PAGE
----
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Tamils love Dancehall


For as long as I can remember Eelam Tamils have had an obsession with Jamaican culture.

The two islands have some synergy that is difficult to explain, from the clothes they wear and their hairstyles to the music. I pin it down to immigration, whereby Tamils in the late 80s & early 90s settled in areas of London with large Caribbean communities. Croydon, East Ham, Tooting, and Walthamstow all saw these communities coming together.

Tamils, who were 'too dark' to fit in with the Desi kids, began associating with the Caribbean and taking on so much of their culture.

I remember being in my early teens and Tamil elders on the ends rocking up in their BMWs, string vests, and blaring out Bounty Killer, Beenie Man & Mavado from their cars' customized soundsystems. From there on, I became obsessed with the music.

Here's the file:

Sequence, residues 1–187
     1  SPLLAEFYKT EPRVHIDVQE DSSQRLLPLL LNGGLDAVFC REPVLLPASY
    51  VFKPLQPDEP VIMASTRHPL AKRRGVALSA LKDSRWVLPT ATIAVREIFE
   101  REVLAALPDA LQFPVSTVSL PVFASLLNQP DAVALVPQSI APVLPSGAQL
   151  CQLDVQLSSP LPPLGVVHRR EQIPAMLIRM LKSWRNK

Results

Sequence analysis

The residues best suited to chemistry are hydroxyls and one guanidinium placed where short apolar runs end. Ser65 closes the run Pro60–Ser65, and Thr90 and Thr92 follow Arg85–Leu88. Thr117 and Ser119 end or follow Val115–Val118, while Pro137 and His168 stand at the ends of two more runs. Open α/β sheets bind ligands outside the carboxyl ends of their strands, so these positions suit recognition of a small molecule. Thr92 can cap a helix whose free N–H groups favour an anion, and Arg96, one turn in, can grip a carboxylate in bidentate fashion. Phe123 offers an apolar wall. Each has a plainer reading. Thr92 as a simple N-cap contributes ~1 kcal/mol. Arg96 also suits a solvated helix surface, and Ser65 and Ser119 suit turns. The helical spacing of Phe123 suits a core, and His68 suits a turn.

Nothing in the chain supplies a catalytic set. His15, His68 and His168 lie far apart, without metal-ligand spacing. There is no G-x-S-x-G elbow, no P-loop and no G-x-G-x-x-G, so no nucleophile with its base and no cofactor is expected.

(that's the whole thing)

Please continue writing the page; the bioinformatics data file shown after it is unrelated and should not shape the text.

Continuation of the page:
I started collecting Dancehall 45s and, soon after getting into Grime, recognized the closeness of 'Versions' to Grime instrumentals. Not only in their sonics but also their role within the genre.

Versions are the instrumentals found on the flip side of most dancehall singles.

Dancehall versions came with its instantly recognizable bassline, unique percussion, and the odd synth stab - all of which you can hear in early Grime music. It was also used as a DJ tool for MCs to toast over, where a single riddim version would be blessed by countless icons, just as you would find in Grime.

Recently, in Berlin, I heard a DJ play an entire version set, and it had me thinking of all the wicked riddims I have in my collections. Here are a few favorites from my library!

Dancehall to the world and back!

✍️: @_goldtooth_

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